(RH=90%) Stress (MPa) 5 y = -1.E+00 1.E+05 Time (s) Fig.4648Ln(x) + 21. . Solasi et al. therefore the room temperature results are not identical.E+03 1.8033 Stress (Mpa) 15 10 y = -1. 4 and 5 are from different batches of NafionÒ.8 0.9355 20 15 y = -1. Ò 25 20 y = -1. the mechanical properties of NafionÒ are slightly different from batch to batch. When stress is applied to an amorphous solid.9491 0 1.2 1 0.2 0 0 10000 20000 30000 40000 50000 60000 70000 RH=5% (σ=15.E+00 1. 5.E+05 Time (s) Fig.8).2385Ln(x) + 26.E+01 1.E+02 1.E+01 1.9682 10 RH=50% RH=5% RH=90% Log. (RH=5%) Log.7 MPa) RH=90% (σ=6.5) and RH = 90% (k = 10). 4.E+03 1.E+04 1.9082 T=25 C T=80 C Log.8 MPa) RH=50% (σ=6. it is better to compare results from the same batch of material.622 R2 = 0. (T=25 C) Log. Hence.6 0. (RH=50%) Log. Therefore. Unfortunately data reported in Figs.4 R2 = 0.0566Ln(x) + 19. Creep in polymers is generally in the form of viscous creep (Dowling. 1993). (T=80 C) 5 0 1. Example of creep curves at room temperature for different hydrations. creep becomes more significant in temperatures higher than the glass transition temperature (Tg) of the polymer where Strain 30 25 y = -1.7 MPa) Time (s) Fig.R.1022Ln(x) + 12.E+04 1. polymer chains slide relative to one another in a time-dependent manner resulting in creep deformation.4871Ln(x) + 22.392 R2 = 0. RH = 50% (k = 3. / Mechanics of Materials 42 (2010) 678–685 681 1. Stress-rupture of NafionÒ111 at 50% relative humidity for 25 °C and 80 °C temperatures. Such molecular motion which is a form of diffusional flow is enhanced when temperature rises.E+02 1. In general.6 1. and 80 °C were obtained for a different batch of NafionÒ111 and are shown in Fig.985 R2 = 0. 5. 3.161 R2 = 0.4 0.4 1. Stress-rupture of Nafion 111 at room temperature for various relative humidity (water content: k): RH = 5% (k = 0.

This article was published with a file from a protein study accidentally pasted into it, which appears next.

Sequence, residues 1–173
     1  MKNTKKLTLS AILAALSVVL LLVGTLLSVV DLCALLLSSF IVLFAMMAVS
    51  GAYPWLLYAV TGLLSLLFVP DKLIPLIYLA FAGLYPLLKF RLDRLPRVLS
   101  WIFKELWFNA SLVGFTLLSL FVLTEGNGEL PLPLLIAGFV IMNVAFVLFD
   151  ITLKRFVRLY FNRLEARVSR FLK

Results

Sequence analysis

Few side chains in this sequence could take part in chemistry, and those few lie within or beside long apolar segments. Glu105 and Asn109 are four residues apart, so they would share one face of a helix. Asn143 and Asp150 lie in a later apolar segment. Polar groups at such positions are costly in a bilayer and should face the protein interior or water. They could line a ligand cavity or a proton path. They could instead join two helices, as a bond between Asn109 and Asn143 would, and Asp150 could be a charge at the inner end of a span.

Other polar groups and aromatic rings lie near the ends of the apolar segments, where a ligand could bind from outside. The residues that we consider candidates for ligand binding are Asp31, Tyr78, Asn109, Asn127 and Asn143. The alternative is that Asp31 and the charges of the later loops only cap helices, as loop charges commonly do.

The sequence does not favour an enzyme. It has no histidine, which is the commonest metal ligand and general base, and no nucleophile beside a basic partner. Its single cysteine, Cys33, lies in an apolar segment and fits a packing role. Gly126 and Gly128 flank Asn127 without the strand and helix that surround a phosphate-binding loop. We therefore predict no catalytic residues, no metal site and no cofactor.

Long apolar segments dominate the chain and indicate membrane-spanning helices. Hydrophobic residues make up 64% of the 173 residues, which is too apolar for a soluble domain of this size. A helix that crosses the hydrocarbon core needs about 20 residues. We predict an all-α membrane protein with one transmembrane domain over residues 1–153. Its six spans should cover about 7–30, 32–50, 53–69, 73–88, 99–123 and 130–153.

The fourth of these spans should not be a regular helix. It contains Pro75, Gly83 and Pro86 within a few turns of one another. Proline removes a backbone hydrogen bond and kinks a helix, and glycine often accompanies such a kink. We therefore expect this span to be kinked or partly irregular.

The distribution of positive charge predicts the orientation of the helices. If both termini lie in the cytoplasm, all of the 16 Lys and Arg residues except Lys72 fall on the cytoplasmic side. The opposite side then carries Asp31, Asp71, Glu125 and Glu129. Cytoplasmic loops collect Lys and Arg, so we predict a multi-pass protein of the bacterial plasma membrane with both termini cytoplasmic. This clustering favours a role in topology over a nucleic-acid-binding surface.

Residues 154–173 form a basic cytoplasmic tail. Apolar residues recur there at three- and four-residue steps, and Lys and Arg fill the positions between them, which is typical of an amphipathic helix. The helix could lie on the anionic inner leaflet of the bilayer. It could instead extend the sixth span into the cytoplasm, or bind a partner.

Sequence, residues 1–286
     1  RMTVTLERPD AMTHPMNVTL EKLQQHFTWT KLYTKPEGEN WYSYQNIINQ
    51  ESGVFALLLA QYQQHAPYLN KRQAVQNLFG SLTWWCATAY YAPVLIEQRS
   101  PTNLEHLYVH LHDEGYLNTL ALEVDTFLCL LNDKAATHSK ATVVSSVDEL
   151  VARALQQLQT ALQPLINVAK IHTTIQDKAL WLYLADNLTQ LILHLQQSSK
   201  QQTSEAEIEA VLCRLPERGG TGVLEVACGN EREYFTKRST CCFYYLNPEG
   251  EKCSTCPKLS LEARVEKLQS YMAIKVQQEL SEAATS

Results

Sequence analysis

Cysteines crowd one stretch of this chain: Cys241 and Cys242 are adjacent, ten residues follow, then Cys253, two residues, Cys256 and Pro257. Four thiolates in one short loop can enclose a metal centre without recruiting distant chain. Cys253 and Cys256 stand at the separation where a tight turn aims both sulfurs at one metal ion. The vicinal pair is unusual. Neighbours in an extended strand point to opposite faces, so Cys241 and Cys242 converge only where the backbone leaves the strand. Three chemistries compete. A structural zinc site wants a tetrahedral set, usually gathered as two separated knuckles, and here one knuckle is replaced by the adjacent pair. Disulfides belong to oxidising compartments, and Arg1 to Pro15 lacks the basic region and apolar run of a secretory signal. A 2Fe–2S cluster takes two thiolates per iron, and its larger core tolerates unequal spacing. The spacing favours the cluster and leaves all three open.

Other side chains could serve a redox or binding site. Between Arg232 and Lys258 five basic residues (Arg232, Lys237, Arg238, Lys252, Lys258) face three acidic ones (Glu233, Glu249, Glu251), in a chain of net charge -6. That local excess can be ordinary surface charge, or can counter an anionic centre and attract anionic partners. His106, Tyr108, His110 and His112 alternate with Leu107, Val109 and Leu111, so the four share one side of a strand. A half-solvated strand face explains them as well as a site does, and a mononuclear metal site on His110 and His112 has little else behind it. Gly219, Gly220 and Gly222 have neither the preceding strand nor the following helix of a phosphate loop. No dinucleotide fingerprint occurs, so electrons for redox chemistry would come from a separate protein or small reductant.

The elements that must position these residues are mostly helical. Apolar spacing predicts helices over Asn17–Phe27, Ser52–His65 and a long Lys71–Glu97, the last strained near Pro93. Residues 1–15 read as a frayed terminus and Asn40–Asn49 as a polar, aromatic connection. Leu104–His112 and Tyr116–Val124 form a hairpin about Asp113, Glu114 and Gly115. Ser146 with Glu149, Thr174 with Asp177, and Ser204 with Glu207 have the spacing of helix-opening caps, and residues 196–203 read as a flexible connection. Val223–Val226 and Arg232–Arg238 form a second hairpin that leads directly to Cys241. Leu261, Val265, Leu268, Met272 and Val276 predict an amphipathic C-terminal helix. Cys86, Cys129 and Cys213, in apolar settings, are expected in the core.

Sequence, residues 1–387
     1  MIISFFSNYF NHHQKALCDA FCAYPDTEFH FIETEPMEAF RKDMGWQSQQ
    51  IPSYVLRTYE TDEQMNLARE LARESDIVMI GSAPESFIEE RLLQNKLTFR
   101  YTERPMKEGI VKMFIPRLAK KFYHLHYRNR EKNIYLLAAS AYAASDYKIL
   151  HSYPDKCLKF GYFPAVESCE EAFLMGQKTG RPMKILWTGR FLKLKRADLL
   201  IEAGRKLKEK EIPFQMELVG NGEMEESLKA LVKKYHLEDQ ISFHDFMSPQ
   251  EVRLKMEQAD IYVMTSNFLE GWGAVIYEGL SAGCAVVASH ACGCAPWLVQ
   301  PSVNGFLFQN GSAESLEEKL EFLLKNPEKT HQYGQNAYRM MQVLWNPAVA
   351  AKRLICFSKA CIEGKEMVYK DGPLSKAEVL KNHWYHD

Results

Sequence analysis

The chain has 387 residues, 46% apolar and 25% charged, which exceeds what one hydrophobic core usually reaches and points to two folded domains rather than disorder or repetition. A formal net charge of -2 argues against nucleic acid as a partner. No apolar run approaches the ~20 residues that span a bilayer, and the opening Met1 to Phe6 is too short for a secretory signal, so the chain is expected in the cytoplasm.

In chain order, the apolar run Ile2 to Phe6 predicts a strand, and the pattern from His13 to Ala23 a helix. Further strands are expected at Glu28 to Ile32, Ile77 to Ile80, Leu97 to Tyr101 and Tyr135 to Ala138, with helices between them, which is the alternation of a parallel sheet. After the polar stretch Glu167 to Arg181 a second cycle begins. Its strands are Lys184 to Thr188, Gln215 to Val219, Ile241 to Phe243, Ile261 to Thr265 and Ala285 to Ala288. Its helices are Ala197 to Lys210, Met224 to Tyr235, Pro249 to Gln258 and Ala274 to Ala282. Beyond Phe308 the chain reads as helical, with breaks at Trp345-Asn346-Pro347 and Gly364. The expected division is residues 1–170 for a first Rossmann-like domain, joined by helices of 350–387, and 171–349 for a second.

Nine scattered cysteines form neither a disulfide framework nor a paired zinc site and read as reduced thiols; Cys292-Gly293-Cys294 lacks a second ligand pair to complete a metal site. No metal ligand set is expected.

but adjacent chains are bonded sideways only by weak secondary Van der Waal or hydrogen bonding. and A is a material constant that depends on the level of stress applied to the material. 4 it can be seen that creep-rupture curves at different hydrations are roughly parallel to each other. 1993. Eqs. a is water activity (relative humidity). but the RH parameter cannot capture those changes. (1): _ e ¼ AðrÞe T e ÀQ T ÀQ k k ð3Þ _ e ¼ AðrÞe RT ÀQ ð1Þ where dote is strain rate. ionic forces created by cross linkings (e. a) when water uptake is from the saturated vapor phase (Hinatsu et al. Any obstacle in the micro-structure has the same effect as entanglements and limits creep. It must be noted that even though we used the same notation for these two physical constants they obviously do not have the same units. 2006). Entanglements in the chain-like structure of polymers causes creep resistance or even recovery. RH (relative humidity or water activity. the difference in water uptake due to the type of reservoir in contact with the membrane (Zawodzinski et al. water activity = 1). Such a situation is a case of hygro-thermal activation instead of solely thermal activation. k is water content of NafionÒ (the number of water molecules per sulfonic acid site) which was used as a field variable instead of water activity (relative humidity). Q is activation energy. The rate of a thermally activated process is governed by an Arrhenius equation. Springer et al. Such tests were not conducted as part of this work. membrane failure can be linked to a combination of different phenomena including chemical degradation as a result of peroxide radical attacks. in addition. The same behavior is also observed for failure of NafionÒ at different service temperatures as two stress-rupture curves at constant relative humidity of 50% shown in Fig. 4. Creep and creep-rup- In the case of the Nafion membrane.g. Therefore. 2003). whereas k is a direct measurement of the material water content. 1994. hydration also serves as an independent field variable. Currently. the membrane loses water gradually when changing from a liquid hydrated state to a saturated vapor state. k has a linear and one-to-one correlation with the membrane expansion or shrinkage. is a measure of the energy barrier that must be overcome for relative motion of the chains to occur. service life targets for automotive fuel cells are 5000 h over a wide range of temperatures (Uni. According to this phenomenon water uptake into the polymer membrane from saturated vapor phase ($14 at room temperature) is lower than the water uptake from the liquid phase ($22 at room temperature) even though water activity in either case is the same (100% relative humidity. Creep mechanisms are due to various complex motions and interactions of the long chain-like molecules in the structure of the polymer. the quantity R $ 2 is the universal gas constant in units of cal/(K mole).. But since they are from the same general nature and indicate a measure of energy barrier against molecular motion in the polymer we are referring to them as activation energies. Solasi et al. 2006). mechanical fatigue due to cyclic hydration and stress-rupture (Huang et al. @ T ¼ 25  C : k ¼ 0:043 þ 17:81a À 39:85a2 þ 36:0a3 ð4Þ @ T ¼ 80  C : k ¼ 0:300 þ 10:8a À 16:0a2 þ 14:1a3 p a¼ po ð5Þ _ e ¼ AðrÞe T ÀQ ð2Þ Ò where k is water content. a) is a parameter determined by the environment.682 R.. In order to get stress-rupture results for the liquid phase. 5 are parallel to each other as well. including the range where k is between 14 and 22 (Morris and Sun. This can be done by designing a temperature controlled water bath for the specimen. besides the temperature. For Q in units of calories/mole and temperature T in Kelvin. In reality. / Mechanics of Materials 42 (2010) 678–685 the material behavior becomes more rubbery. Chemical bonding in the direction of chains or networks is strong. (1) in the following form: QT and Qk are activation energies associated with creep driven by temperature and hydration of NafionÒ. (4) and (5) can be used to relate k (water content) to relative humidity (water activity. 1993). Hydration level just changes the time-to-rupture at different stress levels. Time–temperature-hydration equivalence for stressrupture In engineering design of fuel cells. Then we can rewrite Eq. Weber and Newman. partly because of Schroeder’s paradox. In the reminder of this paper. One can attribute two different activation energies to creep behavior of the material: thermal and hydration (humidity/moisture) activation energies. However. The proportionality of strain rate and stress is known to be a key feature of creep due to viscous flow. This observation can suggest a consistent disentanglement mechanism for different hydrations. These obstacles could be bulky side groups or cross-linking. creep tests must be done with the membrane specimen submerged in water. It can be concluded that time-dependent failure in NafionÒ is due to the same creep mechanism that does not change by changes in the moisture level of the membrane. 1993). The k parameter captures the absolute amount of water in the membrane during such changes. The creep phenomenon in polymers is a thermally activated mechanism (Dowling.. sliding of the molecular chains gets more difficult when they are easily entangled. Q. T is temperature. 1991). This quantity is ideally constant unless the mechanism of creep changes due to changes in temperature or changes in the molecular structure of the material... Eq. 2003. the quantity R will be included in the activation energy and we rewrite Eq. p is water vapor pressure and po is saturation water-vapor pressure at the temperature of the experiment. Activation energy. Choi and Datta. (2) which is the rate of a thermally activated process in the following form as rate of a hygro-thermally activated process: . respectively. by introducing water to the membrane) do not seem to prevent disentanglements of the chains since there is no change in the rate of time-dependent failure results. From Fig.